Weather patterns change. We see this every day, but usually longer, decadal changes are caused by ocean and atmospheric interactions. One of the more famous cycles is called ENSO (aka El Niño-Southern Oscillation).

There are two phases of ENSO: El Niño, the warm phase, or La Niña, the cold phase. We talk about this cycle during hurricane season with how El Niños or La Niñas can affect tropical systems.

South Carolina Emergency Officials held a press conference last week about preparing for the winter weather. They said that while severe winter weather is rare here, it masquerades as the ice storm of 2014. This 7 year old example reminded me of weather folklore – weather comes in 7 year cycles.

ENSO events take place in the Pacific every 3-7 years, with El Niño or La Niña lasting up to 1 year. This is where the folklore of the 7-year cycle comes from. Every event brings with it a change in weather patterns.

El Niño vs La Niña

Normally in the Pacific, trade winds along the equator blow from east to west, bringing warm water to Asia with cold water upwelling to replace the missing warm water off South America. El Niño and La Niña patterns try to change this normality and eventually change global weather patterns.

As an El Niño develops, the trade winds weaken. This allows warm water to be returned to the east instead. In a La Niña pattern, stronger-than-normal easterly trade winds are able to push even more warm water into Asia. This leads to a stronger upwelling of colder, deeper ocean water being brought to the surface.

Warm water near the equator affects not only where the jet stream sits, but also the weather patterns it propels. During an El Niño, warm water causes the Jet Stream to move further south, making the southeast wetter and cooler than usual.

During a La Niña pattern, cold water pushes the Jet Stream further north, making the south warmer and drier than usual. It could trigger a more severe hurricane season.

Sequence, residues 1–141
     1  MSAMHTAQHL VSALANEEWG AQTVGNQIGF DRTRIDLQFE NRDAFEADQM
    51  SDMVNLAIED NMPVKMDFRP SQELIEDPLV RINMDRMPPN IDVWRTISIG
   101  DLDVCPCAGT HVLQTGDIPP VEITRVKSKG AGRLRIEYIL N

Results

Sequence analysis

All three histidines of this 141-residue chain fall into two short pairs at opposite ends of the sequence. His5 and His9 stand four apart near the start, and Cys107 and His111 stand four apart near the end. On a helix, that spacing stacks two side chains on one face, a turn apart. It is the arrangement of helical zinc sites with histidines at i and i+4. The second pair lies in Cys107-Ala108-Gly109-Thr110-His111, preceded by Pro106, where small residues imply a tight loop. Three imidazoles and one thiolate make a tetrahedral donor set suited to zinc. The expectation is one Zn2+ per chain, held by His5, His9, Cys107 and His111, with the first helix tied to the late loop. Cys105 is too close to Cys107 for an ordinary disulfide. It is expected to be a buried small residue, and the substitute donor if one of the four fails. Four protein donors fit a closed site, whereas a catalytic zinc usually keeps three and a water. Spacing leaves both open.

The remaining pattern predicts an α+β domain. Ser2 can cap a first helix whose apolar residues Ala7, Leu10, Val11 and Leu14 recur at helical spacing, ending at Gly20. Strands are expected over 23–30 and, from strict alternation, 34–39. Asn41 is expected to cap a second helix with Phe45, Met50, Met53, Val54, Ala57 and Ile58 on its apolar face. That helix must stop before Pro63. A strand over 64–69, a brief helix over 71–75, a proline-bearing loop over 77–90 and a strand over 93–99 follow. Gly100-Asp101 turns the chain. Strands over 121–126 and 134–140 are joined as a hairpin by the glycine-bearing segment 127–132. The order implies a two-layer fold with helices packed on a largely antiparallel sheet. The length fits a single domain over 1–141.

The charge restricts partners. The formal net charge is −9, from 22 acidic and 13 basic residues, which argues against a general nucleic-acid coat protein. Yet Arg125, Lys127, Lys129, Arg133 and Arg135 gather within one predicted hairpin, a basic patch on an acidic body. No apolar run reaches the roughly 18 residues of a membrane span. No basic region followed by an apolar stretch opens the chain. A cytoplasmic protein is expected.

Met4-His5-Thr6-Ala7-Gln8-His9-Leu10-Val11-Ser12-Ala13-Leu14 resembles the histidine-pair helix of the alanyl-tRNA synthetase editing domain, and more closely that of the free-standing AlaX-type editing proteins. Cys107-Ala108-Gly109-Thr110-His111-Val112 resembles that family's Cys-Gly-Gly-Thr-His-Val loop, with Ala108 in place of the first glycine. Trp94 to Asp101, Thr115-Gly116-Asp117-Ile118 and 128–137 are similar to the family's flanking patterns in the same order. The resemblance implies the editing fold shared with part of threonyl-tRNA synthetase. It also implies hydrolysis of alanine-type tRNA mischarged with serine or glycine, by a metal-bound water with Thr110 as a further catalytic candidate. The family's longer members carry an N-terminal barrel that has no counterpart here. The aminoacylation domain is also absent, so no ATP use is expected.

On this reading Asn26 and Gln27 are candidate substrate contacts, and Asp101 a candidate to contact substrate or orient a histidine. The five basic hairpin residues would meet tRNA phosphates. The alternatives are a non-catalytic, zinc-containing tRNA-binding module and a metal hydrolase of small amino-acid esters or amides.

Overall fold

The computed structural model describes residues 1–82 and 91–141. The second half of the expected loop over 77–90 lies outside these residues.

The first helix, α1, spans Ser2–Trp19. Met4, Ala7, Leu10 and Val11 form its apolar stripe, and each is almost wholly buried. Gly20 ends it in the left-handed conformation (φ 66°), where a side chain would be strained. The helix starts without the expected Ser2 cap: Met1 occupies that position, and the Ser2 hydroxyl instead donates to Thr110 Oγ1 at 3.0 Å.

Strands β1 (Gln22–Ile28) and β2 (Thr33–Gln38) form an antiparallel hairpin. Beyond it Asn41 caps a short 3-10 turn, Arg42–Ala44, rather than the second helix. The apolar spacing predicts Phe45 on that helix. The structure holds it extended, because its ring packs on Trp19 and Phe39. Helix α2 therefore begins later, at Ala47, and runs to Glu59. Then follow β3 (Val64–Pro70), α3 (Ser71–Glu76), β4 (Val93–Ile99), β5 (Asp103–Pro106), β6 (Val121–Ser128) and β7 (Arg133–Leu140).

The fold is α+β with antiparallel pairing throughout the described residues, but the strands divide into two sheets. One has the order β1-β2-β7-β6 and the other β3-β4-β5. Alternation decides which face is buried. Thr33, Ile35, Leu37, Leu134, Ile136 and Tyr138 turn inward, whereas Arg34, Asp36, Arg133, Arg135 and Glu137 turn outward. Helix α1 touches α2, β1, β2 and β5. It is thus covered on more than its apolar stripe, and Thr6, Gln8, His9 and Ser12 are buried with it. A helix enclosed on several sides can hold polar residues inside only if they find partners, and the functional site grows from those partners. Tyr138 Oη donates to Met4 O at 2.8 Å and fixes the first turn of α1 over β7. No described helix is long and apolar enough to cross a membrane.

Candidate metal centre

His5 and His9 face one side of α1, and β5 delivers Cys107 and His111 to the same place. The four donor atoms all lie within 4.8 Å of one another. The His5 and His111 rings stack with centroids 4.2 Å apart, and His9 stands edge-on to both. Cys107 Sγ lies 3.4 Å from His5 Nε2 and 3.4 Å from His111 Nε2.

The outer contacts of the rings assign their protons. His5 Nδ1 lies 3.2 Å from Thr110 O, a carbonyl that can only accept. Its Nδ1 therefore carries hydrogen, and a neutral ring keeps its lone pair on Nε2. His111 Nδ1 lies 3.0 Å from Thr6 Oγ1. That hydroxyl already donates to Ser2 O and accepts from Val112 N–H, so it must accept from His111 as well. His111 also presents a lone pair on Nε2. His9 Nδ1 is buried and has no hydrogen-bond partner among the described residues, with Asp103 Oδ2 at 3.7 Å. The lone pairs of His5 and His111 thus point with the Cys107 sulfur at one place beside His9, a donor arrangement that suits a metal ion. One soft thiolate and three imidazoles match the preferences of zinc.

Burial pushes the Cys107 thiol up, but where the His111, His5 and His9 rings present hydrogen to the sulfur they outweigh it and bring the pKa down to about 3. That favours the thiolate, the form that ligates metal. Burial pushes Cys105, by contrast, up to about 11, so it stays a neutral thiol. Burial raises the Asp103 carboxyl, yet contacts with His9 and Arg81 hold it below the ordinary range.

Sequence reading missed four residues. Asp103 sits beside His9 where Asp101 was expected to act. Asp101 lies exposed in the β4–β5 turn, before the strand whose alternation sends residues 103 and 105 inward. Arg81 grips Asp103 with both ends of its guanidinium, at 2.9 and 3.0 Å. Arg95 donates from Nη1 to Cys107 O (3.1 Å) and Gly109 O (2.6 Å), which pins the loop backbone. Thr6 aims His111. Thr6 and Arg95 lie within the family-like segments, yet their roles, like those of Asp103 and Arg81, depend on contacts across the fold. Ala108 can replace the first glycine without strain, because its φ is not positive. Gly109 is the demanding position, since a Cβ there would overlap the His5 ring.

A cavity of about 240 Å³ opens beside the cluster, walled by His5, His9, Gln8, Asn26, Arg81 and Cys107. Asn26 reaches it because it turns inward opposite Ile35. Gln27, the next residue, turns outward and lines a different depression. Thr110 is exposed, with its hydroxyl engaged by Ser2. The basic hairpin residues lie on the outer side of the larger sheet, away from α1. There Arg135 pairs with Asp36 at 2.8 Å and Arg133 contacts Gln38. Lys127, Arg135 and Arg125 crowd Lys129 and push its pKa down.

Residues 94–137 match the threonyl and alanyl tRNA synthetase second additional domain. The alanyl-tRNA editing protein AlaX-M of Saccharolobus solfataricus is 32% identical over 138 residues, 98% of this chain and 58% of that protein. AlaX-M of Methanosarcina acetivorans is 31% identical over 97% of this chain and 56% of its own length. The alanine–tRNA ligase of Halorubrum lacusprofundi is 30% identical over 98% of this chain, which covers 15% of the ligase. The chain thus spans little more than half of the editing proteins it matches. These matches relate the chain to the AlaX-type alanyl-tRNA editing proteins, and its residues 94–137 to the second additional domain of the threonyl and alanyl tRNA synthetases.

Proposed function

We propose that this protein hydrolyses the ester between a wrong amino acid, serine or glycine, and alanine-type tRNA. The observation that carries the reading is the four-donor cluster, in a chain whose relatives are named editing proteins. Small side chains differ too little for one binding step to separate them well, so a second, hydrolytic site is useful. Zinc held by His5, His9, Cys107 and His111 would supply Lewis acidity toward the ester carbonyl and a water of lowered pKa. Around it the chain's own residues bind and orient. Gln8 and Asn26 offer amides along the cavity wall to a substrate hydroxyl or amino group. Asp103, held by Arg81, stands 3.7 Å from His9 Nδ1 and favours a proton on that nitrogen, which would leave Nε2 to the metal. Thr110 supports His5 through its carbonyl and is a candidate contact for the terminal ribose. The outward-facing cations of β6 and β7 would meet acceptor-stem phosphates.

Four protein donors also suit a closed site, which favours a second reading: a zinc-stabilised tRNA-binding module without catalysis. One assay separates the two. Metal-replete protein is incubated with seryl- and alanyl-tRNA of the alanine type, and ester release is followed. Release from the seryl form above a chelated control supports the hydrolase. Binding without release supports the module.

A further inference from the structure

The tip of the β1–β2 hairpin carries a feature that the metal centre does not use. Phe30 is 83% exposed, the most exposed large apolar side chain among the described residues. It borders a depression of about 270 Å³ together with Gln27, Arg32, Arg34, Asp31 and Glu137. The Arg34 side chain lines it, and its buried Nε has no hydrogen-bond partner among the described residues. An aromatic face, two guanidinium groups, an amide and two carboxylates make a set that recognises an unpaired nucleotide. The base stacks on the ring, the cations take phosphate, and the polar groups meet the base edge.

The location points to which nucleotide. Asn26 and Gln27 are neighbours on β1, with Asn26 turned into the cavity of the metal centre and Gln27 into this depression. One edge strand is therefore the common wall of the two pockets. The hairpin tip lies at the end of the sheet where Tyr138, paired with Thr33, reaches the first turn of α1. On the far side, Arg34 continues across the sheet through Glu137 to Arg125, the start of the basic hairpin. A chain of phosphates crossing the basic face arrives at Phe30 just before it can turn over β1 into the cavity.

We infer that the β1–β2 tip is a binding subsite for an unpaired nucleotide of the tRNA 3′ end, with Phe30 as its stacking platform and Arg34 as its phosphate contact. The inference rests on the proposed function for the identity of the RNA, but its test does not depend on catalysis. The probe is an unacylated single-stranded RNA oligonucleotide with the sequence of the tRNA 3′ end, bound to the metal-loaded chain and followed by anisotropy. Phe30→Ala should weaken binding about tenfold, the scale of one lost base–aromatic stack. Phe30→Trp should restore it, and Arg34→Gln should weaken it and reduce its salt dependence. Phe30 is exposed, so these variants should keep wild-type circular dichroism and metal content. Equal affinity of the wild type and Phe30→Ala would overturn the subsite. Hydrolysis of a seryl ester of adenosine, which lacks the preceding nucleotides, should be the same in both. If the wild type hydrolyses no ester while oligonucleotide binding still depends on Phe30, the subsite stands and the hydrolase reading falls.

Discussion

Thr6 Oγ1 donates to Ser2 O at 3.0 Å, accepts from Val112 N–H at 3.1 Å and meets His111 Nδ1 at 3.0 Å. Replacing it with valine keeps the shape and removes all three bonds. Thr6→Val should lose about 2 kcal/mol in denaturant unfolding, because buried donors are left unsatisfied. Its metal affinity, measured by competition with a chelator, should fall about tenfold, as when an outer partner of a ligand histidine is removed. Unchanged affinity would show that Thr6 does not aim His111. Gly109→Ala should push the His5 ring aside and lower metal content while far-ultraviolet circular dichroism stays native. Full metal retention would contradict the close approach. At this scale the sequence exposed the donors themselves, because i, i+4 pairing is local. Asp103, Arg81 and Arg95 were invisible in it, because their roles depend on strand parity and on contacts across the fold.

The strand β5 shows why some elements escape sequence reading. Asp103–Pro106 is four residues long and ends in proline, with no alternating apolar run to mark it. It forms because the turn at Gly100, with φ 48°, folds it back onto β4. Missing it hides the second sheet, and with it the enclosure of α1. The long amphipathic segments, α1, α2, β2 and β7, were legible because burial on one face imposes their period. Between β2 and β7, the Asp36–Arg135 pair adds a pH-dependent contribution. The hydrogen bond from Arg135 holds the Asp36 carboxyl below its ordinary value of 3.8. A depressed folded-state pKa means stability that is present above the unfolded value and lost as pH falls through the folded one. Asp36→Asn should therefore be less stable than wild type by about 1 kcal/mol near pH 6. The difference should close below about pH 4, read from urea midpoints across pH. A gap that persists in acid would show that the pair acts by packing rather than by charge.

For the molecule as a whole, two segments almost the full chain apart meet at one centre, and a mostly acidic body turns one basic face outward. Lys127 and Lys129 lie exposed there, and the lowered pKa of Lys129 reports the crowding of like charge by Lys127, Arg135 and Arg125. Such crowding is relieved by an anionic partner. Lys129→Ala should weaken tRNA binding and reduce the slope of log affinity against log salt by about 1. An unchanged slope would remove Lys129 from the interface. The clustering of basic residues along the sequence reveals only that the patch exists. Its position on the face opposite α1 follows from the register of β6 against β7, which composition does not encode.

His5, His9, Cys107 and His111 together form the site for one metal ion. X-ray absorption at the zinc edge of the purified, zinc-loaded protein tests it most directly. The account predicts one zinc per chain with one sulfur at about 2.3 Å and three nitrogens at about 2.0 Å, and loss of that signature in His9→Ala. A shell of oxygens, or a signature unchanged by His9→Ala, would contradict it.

According to the National Oceanic and Atmospheric Administration, La Niña conditions are currently developing in the Pacific Ocean.

7-year weather cycles: 2021-2008

Now let’s test whether the myth of the 7-year cycle is true. I looked back from 2021-2008 to see if there would be correlations for winter storms, extreme heat, coastal flooding and severe weather over a 3-7 year period and then compared it to a possible El Niño and La Niña pattern at the time.

From 2008 to 2021, there have been only 2 instances of a 7-year weather pattern. Around July 4 earlier this year, we were dealing with Tropical Storm Elsa. 7 years earlier, in 2014, we were tracking Hurricane Arthur around the same time. The other example was the winter storms of 2018 and 2011, both of which occurred in early January.

Most recurring events occur every 3-4 years, with the exception of severe spring storms that happen in April almost every year.

Winter Storm January 3, 2018 La Nina
Winter Storm February 11-13, 2014 Neutral
Winter Storm January 28-29, 2014 Neutral
Winter Storm January 10, 2011 Major La Nina
Winter Storm February 12-13, 2010 El Nino
Extreme heat 25-31 May 2019 Neutral
Extreme heat August 2016 Neutral
Extreme heat July – August 2010 Early La Nina
Floods on the coast Nov 3-11 2021 Early La Nina
Floods on the coast December 22-24, 2019 Neutral
Floods on the coast November 28, 2018 Early El Nino
Floods on the coast Sep 25 – Oct 7, 2015 Reinforcement of El Niño
Severe Wx / Heavy Rain April 23, 2020 Neutral
Severe Wx / Heavy Rain April 19, 2020 Neutral
Severe Wx / Tornadoes April 13, 2020 Neutral
Heavy rain June 10-12, 2019 Neutral
Serious Wx April 19, 2019 El Nino
severe thunderstorms Apr 3, 2017 Neutral
severe thunderstorms June 17, 2016 Neutral
severe thunderstorms April 25, 2015 Early El Nino
severe thunderstorms Apr 19, 2015 Early El Nino

El Niño and La Niña cycles create larger-scale weather patterns. It does have some impact on our day-to-day weather, but we see more of their impact in colder or warmer temperatures and wetter or drier patterns over a longer period of time.

Hurricane-season storms thrive when we’re below a La Niña, as this pattern leads to weaker wind shear and less atmospheric stability. The record-breaking 2020 hurricane season started under neutral conditions, but as we saw last year, storms increased rapidly as conditions in La Niña strengthened towards the end of the season.

While swirling areas of high and low pressure cause different weather patterns in the Coastal Empire and Lowcountry, the weather is still unpredictable weeks to years in advance. With winter storms happening here every 3-4 years with a La Niña setup under a La Niña, does that mean we’ll be getting one soon? I think we just have to wait.